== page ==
"There have been so many reasons, and there remain so many reasons to be in gold," Fitzpatrick said, noting currency debasement and the fear of inflation. "But the chart is telling you that none of that is happening. Because of that, you're going to see people just flying out of gold. There's just no reason to be in it.Traders are scaling out of gold and getting into equities."
A scary head-and-shoulders pattern could be building in the S&P 500, and this negative chart formation would be created if the market stalls just above current levels."It's developing and it's developing fast," said Scott Redler of T3Live.com on Wednesday morning.
Call options buying recently hit a three-year high for the CBOE's Volatility Index, a popular measure of market fear that usually moves in the opposite direction of the Standard & Poor's 500 stock index.A call buy, which gives the owner the option to purchase the security at a certain price, implies a belief that the VIX is likely to go higher, which usually is an ominous sign for stocks."We saw a huge spike in call buying on the VIX, the most in a while," said Ryan Detrick, senior analyst at Schaeffer's Investment Research. "That's not what you want to hear (because it usually happens) right before a big pullback."The last time call options activity hit this level, on Jan. 13, 2010, it preceded a 9 percent stock market drop that happened over just four weeks, triggered in large part by worries over the ongoing European debt crisis.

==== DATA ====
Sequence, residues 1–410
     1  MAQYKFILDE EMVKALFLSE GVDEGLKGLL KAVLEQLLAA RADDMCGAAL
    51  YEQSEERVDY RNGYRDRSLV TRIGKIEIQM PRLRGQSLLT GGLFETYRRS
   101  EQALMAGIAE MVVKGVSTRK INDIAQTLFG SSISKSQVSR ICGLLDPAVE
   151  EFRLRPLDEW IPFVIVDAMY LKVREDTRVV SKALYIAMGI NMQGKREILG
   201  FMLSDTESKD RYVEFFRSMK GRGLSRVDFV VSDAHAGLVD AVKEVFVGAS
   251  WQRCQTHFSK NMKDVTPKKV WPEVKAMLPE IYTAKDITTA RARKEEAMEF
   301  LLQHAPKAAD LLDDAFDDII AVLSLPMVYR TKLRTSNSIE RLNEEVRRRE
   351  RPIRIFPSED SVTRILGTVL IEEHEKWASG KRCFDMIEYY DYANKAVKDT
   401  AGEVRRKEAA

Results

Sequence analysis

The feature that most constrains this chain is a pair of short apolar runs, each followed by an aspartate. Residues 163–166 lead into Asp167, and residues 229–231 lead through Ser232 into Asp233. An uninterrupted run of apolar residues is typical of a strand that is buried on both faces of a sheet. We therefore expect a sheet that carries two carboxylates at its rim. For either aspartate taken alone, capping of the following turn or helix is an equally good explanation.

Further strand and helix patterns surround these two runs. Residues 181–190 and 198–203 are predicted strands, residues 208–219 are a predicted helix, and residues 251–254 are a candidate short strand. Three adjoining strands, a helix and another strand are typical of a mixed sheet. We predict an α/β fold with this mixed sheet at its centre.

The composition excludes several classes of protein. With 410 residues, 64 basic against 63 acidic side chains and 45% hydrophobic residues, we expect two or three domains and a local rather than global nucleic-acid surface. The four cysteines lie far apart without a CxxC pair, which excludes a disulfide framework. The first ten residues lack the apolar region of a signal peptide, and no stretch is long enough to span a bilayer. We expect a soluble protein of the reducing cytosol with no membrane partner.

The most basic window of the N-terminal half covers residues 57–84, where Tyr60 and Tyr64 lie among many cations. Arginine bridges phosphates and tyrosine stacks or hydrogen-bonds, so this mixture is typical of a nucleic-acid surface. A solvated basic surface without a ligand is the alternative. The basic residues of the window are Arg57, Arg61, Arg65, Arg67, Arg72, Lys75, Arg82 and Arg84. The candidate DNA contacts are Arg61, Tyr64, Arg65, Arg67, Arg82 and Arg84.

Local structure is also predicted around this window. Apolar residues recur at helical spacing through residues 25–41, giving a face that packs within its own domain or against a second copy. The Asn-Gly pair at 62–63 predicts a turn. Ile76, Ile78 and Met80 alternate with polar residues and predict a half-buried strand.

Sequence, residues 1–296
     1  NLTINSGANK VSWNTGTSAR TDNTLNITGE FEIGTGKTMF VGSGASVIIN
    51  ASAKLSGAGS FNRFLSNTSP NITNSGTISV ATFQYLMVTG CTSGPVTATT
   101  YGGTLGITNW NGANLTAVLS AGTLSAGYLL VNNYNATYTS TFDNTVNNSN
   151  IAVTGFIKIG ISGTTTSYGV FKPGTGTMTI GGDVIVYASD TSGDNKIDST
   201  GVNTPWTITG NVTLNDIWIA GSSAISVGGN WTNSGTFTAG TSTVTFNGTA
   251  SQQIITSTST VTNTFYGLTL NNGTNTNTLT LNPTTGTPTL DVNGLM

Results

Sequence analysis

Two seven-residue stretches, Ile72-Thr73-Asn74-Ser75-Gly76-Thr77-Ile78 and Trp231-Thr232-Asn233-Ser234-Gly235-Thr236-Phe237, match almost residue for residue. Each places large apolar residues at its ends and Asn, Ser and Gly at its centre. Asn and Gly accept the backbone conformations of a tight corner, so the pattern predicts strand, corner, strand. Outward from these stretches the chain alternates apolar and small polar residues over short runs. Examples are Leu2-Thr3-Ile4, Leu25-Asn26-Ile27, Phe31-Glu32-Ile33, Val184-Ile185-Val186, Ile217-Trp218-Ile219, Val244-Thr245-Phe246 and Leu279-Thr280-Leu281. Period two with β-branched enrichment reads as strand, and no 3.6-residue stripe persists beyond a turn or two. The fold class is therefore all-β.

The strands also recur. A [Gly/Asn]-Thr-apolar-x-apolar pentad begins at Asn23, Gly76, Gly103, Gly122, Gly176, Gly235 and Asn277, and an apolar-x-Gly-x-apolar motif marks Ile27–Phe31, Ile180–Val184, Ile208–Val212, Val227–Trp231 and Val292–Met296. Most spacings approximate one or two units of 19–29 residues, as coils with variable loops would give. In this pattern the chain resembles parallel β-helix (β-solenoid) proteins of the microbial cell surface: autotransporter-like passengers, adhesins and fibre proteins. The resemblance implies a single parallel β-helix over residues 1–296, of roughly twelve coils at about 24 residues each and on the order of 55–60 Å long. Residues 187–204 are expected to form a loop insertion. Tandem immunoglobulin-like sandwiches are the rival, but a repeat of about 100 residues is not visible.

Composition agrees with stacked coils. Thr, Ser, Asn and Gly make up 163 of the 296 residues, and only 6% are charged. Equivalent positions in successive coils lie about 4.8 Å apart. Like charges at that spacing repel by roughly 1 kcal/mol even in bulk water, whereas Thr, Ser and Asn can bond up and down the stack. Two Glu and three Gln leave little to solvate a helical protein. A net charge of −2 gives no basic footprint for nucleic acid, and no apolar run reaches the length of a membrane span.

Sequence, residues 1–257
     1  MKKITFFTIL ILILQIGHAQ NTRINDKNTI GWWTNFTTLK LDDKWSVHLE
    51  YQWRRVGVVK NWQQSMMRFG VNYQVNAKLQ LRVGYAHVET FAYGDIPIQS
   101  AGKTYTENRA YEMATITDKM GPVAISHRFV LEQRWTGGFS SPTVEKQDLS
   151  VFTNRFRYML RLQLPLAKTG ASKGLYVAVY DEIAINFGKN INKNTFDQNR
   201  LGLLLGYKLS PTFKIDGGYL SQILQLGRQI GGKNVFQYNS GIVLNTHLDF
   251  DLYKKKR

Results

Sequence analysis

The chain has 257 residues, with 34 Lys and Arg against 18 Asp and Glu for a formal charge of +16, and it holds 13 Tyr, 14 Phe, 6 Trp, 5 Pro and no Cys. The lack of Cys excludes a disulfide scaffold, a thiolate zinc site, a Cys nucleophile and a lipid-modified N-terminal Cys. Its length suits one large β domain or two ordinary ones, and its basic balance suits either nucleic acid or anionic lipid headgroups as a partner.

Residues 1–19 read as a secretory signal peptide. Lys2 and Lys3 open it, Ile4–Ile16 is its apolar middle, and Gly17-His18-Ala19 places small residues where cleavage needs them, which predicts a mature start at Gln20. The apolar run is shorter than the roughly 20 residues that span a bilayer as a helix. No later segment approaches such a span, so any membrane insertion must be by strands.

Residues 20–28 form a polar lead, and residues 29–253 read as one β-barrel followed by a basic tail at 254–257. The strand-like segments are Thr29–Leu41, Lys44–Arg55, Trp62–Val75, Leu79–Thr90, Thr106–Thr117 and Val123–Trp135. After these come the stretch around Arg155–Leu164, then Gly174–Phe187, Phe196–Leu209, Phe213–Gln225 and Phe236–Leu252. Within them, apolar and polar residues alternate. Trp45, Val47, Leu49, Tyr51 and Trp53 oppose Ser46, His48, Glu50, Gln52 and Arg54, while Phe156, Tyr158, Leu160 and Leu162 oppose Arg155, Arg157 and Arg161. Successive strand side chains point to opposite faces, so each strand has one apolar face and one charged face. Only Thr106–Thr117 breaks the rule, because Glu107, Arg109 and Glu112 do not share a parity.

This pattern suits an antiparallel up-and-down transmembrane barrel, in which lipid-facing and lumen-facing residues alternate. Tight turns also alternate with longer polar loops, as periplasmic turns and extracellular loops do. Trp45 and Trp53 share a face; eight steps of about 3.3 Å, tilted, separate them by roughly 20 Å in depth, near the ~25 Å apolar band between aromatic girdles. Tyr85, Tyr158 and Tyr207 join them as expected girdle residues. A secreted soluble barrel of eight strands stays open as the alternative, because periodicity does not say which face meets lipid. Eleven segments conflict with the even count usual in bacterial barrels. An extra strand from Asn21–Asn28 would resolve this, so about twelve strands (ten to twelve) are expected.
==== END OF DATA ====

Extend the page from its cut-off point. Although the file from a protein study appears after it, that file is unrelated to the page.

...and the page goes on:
What do billionaires Warren Buffet, John Paulson, and George Soros know that you and I don't know? I don't have the answer, but I do know what these billionaires are doing. They, all three, are selling consumer-oriented stocks. Buffett has been a cheerleader for US stocks all along.But in the latest filing, Buffett has been drastically cutting back on his exposure to consumer stocks. Berkshire sold roughly 19 million shares of Johnson and Johnson. Berkshire has reduced his overall stake in consumer product stocks by 21%, including Kraft and Procter and Gamble. He has also cleared out his entire position in Intel. He has sold 10,000 shares of GM and 597,000 shares of IBM.Fellow billionaire John Paulson dumped 14 million shares of JP Morgan and dumped his entire position in Family Dollar and consumer goods maker Sara Lee. To wrap up the trio of billionaires, George Soros sold nearly all his bank stocks including JP Morgan, Citigroup and Goldman Sachs. So I don't know exactly what the billionaires are thinking, but I do see what they're doing -- they are avoiding consumer stocks and building up cash.... the billionaires are thinking that consumption is heading down and that America's consumers are close to going on strike.